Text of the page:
Photos, videos: North shore flooding, rescues Saturday in Louisiana _lowres (copy)

Waters from the Tangipahoa River flood a neighborhood near Robert Saturday, March 12, 2016. A court judgment over similar flooding in 1983 still is awaiting payment by the state.

A group of Tangipahoa Parish homeowners, who flooded in 1983, asked a federal court Thursday to order Louisiana to pay a $320 million judgment that lawmakers have been ducking for 16 years.

About 1,200 homeowners and small business owners won a lawsuit that found the way Interstate 12 was built in 1976 blocked drainage and act as a dam backing up the Tangipahoa River. 21st Judicial District Judge Ray Chutz, of Amite, found on August 5, 2003 that the state Department of Transportation and Development failed to conduct any hydrological studies and ordered the state to pay $91 million plus costs and interest. The First Circuit Court of Appeal affirmed the judgment as did the Louisiana Supreme Court in 2006.

And since then state government has refused to pay. Interest has increased the amount owed year after year. The total amount owed by taxpayers now exceeds $320 million.

That amount is about 55% of the $579.6 million budget for DOTD proposed by legislators for the fiscal year beginning July 1. It’s slightly less than the $336.5 million that legislators want the Louisiana State Police to receive next year.

For many years Louisiana lawmakers said the state simply doesn’t have the money. And for years that was true. No judgments were paid.

Flood victims, most of whom live in and around Robert, watched as the Legislature and Edwards administration reversed nearly a decade of revenue deficits and spending cuts through a sales tax increase, suspension of some tax exemptions and cuts to some services. With budget surpluses coming into state coffers, lawmakers increased funding for higher education and gave schoolteachers a pay raise. BP also paid the state about $700 million to cover pubic losses from the 2010 Deepwater Horizon rig explosion and oil spill. Legislators diverted much of that money for long-needed highway expansions and bridge repairs.

Byard “Peck” Edwards, a Hammond lawyer who has represented the flood victims for 37 years, said the state has demonstrated that Louisiana now has enough money available to pay its legal debts. Then in 2018 the Legislature agreed to clear out the backlog of outstanding judgments against DOTD – most from where courts found that bad roads contributed to killing and maiming – all except the one in Jean Boudreaux v State of Louisiana.

Basically, the lawsuit filed Thursday in U.S. District Court in Baton Rouge argues that paying everyone but the Tangi flood victims violates constitutional protections that state government treats everyone equally, Edward said.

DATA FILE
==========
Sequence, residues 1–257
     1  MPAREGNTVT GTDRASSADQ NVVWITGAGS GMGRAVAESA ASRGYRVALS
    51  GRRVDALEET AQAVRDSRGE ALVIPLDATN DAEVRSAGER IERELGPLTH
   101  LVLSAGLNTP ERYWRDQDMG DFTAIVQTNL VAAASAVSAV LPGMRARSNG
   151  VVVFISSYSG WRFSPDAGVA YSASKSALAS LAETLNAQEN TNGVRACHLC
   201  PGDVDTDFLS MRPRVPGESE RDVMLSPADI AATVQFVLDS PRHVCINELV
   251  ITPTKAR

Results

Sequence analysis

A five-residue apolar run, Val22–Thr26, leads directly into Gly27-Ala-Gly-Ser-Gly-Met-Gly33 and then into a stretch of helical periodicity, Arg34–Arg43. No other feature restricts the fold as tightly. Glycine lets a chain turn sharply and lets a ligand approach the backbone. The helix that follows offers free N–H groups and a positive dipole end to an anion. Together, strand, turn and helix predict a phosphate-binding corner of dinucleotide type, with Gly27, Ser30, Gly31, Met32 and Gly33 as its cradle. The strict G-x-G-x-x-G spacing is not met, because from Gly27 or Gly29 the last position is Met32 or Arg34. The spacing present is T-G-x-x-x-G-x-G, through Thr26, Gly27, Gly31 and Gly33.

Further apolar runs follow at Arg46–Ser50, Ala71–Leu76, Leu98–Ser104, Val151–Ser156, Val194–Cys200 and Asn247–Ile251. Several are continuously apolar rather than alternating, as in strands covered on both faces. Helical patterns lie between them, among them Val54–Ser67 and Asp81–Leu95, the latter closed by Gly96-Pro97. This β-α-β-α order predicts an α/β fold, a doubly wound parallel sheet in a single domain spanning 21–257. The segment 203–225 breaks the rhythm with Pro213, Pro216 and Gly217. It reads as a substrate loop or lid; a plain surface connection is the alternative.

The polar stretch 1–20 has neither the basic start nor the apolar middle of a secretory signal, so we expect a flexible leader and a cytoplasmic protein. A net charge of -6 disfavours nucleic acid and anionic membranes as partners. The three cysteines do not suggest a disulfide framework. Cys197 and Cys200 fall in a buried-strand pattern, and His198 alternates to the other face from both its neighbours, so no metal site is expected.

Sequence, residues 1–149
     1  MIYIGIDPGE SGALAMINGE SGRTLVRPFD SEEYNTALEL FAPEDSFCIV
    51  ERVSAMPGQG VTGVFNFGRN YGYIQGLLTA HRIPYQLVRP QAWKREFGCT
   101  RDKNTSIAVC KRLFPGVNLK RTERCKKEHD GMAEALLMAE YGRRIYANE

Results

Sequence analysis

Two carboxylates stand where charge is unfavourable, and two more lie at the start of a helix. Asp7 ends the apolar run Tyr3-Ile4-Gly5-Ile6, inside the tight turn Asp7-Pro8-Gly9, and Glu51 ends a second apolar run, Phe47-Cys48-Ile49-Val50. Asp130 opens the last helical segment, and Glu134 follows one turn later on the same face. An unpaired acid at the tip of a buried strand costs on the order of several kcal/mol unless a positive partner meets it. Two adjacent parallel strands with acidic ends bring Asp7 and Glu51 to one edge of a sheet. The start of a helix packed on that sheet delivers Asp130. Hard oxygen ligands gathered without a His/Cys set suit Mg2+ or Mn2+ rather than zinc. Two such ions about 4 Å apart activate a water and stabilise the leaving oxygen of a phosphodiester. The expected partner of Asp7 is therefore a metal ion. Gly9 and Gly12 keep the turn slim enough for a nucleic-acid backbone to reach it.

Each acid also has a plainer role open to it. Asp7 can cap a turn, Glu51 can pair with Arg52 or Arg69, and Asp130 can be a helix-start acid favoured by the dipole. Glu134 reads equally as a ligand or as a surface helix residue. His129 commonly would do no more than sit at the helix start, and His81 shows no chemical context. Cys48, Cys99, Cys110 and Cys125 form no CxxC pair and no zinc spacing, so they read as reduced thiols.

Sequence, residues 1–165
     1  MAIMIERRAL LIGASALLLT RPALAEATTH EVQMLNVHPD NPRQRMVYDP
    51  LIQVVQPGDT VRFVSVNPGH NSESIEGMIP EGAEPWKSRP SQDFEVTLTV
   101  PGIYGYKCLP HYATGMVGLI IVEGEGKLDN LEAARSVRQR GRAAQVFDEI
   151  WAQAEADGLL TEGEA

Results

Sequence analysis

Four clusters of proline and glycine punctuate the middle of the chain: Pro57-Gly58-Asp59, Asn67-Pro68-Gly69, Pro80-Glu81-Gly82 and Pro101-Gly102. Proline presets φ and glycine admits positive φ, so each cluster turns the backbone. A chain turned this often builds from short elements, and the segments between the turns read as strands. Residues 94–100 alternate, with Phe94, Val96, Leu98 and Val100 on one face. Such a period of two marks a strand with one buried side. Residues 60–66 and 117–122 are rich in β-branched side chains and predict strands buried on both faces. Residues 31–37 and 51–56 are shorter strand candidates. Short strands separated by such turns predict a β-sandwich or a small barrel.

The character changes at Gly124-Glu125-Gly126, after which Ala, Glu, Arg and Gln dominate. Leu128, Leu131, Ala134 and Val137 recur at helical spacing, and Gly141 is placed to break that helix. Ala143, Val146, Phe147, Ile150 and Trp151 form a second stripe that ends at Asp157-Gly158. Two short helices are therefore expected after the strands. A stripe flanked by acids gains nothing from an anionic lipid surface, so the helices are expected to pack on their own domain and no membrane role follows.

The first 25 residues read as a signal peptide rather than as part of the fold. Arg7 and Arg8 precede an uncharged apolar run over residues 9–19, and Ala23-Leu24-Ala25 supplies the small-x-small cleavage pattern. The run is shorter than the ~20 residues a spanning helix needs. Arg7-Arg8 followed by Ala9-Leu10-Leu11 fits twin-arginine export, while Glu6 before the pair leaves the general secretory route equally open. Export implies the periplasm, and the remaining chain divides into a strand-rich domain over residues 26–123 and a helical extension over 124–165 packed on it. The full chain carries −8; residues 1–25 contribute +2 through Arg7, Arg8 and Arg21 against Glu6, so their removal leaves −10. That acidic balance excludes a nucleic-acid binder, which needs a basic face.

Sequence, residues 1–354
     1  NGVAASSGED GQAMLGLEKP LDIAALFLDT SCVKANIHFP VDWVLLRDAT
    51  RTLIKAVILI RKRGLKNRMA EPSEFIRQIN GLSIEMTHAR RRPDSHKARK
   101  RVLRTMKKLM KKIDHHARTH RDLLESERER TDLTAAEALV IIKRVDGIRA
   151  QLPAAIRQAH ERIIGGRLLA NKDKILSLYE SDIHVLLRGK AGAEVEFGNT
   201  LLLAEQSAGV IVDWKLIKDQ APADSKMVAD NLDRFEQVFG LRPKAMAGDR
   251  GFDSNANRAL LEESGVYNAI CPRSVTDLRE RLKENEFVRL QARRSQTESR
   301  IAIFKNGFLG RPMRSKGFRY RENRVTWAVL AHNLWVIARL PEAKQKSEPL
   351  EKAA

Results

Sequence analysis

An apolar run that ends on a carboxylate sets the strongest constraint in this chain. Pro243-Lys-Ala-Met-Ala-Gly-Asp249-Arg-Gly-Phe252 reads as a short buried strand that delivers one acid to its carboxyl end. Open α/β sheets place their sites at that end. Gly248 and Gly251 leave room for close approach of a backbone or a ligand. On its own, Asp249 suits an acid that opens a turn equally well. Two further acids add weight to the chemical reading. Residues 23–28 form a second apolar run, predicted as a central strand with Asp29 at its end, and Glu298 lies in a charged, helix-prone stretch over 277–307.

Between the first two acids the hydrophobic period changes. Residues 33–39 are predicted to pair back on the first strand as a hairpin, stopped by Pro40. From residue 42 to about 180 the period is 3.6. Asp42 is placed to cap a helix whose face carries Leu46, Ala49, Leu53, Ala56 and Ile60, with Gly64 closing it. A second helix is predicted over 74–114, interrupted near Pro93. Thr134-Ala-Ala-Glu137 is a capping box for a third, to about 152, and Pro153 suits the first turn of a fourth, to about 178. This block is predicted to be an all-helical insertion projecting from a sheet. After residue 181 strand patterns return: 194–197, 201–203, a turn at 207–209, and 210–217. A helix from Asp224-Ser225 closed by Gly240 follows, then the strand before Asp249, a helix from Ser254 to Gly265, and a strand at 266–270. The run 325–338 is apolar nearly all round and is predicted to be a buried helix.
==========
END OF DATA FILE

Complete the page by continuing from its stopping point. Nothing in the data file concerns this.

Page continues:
“This federal court can tell the state, ‘You have violated the 14th Amendment’ and can issue an order to make the state act,” said Eric R. Nowak, the New Orleans lawyer handling the federal lawsuit.

Under the state Constitution, the Louisiana Supreme Court can’t force the Legislature to appropriate the money to pay judgments against the state. That’s why legislators file bills, which need to be approved by both chambers and signed into law by the governor, to pay court judgments against the state. Multiple bills over the years have tried to get the Tangipahoa judgment paid, but those bills have never passed. The latest is House Bill 234, filed by state Rep. Bill Wheat Jr., R-Ponchatoula, asking for a legislative appropriation to pay the 1983 flood victims.

Commissioner of Administration Jay Dardenne, the Edwards administration’s chief budget architect, said Thursday he hasn’t seen the federal lawsuit but wouldn’t comment on active litigation if he had.

The state has been in conversations with Tangipahoa flood victims but haven’t been in a position to work out a settlement, Dardenne said.

With the advent of the COVID-19 outbreak, Dardenne’s not sure if state can pay judgments at this time. Lawmakers involved with drafting the state budget that goes into effect on July are reassessing their spending plans in light of recent business shutdowns as the state tries to stem the spread of the virus.

“It’s unfortunate that we got it on the books right as this pandemic was starting. But we understand money is available. But at some point, they need to take some responsibility. This has been going on for 16-plus years” Nowak said.

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